RIDING ON HORSES WITH THE DOGS

From cowdogs to coach dogs, the canine species has a long history of interacting with horses and people. Dogs of all kinds take part in activities such as fox hunting, herding, road trials and trail rides, all of which bring them in contact with horses. Certain breeds - Corgis, Dalmatians, Fox Terriers, Jack Russell Terriers seem to have a special affinity for horses, but just about any dog can learn to safely accompany horses, and most horses can become accustomed to the presence of dogs.

RIDING ON HORSES WITH THE DOGS
Ride-along Requirements
The qualities a dog needs are physical and mental soundness, a calm and quiet demeanor around livestock, and the ability to respond to commands from an owner on horseback. Also take into account the dog's personality. Some dogs are more dependent than others on being with people. They never run ahead to follow a scent or chase a rabbit. This type of dog is easy to ride with, although that's not to say you can't train a more independent minded dog to be your trail companion. A horse should be calm enough not to spook at the sight of a dog appearing out of brush or tall grass and shouldn't be a kicker, for the safety of a dog following along behind it. Consider your horse's experience level as well as your relationship with him. Does he have a sensible attitude? Is he easily controlled? Has he encountered a variety of different situations and reacted with little or no spooking? Are the two of you in tune with each other? Before horse and dog encounter each other, your dog should readily respond to the commands sit, down, stay and come. Voice control is a must - you shouldn't have to repeat commands before the dog obeys, and he should be trustworthy off leash. Take him to an obedience class and work with him frequently at home until he's letter-perfect. Then he is ready to accompany you to the barn while you sre doing chores.

RIDING ON HORSES WITH THE DOGS
Good Dogs
Remind your dog not to get too close and to stay out from underfoot yours and the horse's. The time together also allows your horse to get used to the dog. This is a good time to start teaching the command get out used in herding, which tells the dog to move out farther and wider. This command will come in handy on rides when the dog gets too close. Another useful command is down, which your dog should be willing to perform even at a distance. You may need to use it if the dog is heading toward something dangerous or if you simply want him to wait until you catch up. Work with a dog trainer or herding expert to teach these commands. The next step is to practice obedience exercises in a pasture or other safe area. The practice sessions will help your dog feel comfortable being so close to the horse and will accustom the horse to watching out for the dog so he doesn't step on him. Teach the dog to sit on leash while you mount and not to cross in front of the horse when he's moving. If you live or ride in an area where it's not safe to let the dog off leash, use a long lead or a longe line and teach the dog to stay on your left.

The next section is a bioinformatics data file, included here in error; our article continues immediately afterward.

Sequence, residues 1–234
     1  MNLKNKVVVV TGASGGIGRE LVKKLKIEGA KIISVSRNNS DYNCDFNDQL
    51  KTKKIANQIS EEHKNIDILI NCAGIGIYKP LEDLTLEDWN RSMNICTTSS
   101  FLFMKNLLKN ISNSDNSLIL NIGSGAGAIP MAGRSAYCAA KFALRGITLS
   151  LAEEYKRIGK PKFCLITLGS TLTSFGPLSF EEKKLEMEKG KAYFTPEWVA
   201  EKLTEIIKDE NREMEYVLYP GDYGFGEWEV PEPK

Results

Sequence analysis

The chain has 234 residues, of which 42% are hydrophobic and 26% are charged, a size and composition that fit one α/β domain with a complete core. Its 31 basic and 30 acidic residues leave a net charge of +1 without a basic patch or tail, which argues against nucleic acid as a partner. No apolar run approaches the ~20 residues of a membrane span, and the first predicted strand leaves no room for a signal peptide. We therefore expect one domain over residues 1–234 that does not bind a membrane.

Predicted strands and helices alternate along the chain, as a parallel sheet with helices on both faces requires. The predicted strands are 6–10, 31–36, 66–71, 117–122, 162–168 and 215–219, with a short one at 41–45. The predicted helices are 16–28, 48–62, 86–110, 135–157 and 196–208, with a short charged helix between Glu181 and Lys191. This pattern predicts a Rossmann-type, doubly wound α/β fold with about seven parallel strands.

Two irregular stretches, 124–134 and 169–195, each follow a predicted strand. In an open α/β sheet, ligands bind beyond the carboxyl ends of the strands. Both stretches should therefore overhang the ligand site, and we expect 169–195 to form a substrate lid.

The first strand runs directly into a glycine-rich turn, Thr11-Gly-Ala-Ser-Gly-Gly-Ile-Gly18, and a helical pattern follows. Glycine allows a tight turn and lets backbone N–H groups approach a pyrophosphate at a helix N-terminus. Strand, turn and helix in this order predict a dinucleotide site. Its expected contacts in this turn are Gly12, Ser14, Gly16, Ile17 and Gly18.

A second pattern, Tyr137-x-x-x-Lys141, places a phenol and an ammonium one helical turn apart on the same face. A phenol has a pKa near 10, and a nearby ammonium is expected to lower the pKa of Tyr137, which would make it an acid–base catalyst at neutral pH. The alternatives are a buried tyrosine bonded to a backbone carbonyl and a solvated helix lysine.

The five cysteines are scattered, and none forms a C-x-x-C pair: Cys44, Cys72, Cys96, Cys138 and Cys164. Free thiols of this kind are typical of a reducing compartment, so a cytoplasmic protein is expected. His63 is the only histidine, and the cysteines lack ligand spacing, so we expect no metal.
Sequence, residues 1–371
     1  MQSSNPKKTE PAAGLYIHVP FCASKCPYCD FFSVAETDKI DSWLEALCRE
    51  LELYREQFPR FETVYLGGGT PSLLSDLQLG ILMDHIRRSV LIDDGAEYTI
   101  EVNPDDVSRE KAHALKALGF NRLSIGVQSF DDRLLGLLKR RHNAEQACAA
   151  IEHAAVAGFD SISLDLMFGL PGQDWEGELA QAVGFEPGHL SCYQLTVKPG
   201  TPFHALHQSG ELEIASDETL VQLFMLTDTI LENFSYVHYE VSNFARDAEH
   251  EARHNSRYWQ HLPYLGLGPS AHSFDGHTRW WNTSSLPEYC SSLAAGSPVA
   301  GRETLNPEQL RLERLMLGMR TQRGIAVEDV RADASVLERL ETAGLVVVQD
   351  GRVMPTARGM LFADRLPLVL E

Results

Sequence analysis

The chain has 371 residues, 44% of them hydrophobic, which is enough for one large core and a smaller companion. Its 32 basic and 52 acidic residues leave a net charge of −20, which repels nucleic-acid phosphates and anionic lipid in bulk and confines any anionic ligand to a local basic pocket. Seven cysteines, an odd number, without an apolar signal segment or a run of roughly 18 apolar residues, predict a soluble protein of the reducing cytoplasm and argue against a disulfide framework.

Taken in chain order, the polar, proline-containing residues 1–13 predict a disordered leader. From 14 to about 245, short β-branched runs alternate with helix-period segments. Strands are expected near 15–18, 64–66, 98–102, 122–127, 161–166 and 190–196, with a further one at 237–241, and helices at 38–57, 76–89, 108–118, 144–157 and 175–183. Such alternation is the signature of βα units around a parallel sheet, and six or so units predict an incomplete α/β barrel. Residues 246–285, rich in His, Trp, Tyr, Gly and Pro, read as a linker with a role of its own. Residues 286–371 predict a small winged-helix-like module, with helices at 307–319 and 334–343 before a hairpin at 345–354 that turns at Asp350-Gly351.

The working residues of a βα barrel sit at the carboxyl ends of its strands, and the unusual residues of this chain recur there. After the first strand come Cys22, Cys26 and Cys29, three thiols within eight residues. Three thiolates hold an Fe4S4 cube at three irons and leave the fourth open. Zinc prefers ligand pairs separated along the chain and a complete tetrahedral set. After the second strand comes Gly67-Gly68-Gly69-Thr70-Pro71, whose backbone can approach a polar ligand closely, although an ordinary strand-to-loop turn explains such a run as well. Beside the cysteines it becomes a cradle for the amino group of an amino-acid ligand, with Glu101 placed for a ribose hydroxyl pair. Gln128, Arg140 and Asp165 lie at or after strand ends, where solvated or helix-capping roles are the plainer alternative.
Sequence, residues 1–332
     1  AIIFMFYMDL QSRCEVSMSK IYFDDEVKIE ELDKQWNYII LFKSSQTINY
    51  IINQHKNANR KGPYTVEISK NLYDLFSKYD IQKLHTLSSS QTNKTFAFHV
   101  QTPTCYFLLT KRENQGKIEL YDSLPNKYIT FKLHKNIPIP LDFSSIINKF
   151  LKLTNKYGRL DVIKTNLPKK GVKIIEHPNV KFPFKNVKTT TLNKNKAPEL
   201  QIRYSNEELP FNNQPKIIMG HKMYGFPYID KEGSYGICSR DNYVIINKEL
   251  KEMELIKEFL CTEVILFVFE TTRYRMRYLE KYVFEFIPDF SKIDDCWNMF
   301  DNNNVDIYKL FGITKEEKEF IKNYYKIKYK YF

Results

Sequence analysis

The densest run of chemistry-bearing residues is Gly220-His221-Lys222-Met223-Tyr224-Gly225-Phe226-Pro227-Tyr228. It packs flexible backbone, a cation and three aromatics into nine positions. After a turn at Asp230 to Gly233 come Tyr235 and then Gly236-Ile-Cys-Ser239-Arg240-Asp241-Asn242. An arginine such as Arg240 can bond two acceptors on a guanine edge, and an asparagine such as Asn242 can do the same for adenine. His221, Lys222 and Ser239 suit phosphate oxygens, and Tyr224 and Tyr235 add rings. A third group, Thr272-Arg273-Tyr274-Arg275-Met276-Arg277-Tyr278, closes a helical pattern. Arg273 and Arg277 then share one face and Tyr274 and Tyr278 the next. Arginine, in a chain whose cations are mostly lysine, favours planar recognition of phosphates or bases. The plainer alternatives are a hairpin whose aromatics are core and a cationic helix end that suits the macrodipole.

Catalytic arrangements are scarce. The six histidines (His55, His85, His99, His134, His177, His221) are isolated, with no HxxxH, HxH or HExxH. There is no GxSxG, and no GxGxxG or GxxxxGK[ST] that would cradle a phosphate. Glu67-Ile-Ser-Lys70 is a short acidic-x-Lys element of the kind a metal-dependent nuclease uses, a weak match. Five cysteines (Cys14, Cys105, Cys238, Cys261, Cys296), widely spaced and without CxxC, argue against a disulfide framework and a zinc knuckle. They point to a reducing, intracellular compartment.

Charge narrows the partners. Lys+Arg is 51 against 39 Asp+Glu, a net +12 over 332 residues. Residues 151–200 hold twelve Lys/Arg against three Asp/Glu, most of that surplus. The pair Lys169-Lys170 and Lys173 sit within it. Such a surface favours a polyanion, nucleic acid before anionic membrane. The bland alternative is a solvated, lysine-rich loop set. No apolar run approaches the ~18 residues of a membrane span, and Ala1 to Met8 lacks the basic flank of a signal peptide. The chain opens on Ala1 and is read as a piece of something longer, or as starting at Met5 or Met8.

RIDING ON HORSES WITH THE DOGS
Safety is Serious
Take some precautions to ensure the well-being of both of your animals. These safety measures include making sure the line is long enough so the horse doesn't step on the dog, and anticipating situations that could spook or excite the animals and cause dog and horse to become entangled. Encounters with livestock - especially if you are riding with a herding dog, other dogs or wildlife are all potentially spooky situations. Naturally, you can't predict when such things will occur, but you should have a plan in mind so you can react quickly. Practice telling your dog to sit or down unexpectedly, so that he learns to respond instantly. Ranchers may have no compunction about shooting dogs that harass livestock, so your dog's willingness to follow orders can mean the difference between life and death.

RIDING ON HORSES WITH THE DOGS

Even if you are comfortable letting your dog accompany you off leash, preferably in an off-road area, you will still want to be able to keep track of him, especially if you are riding in high grass or if your dog likes to explore on his own. Attach a small cowbell to the dog's collar, and you will be able to hear him from a distance. Call him back regularly so you know he is all right. Returning to your signal is good practice for him, and it is just good sense to have a dog that comes when you call, no matter what.

RIDING ON HORSES WITH THE DOGS

Under most circumstances, dogs can accompany horse and rider without any problems. Injuries or even the dog's death can occur, though, if the situation gets out of hand. Dogs can die or suffer fractured skulls, broken ribs or legs after a kick from a horse. Almost always this is a dog "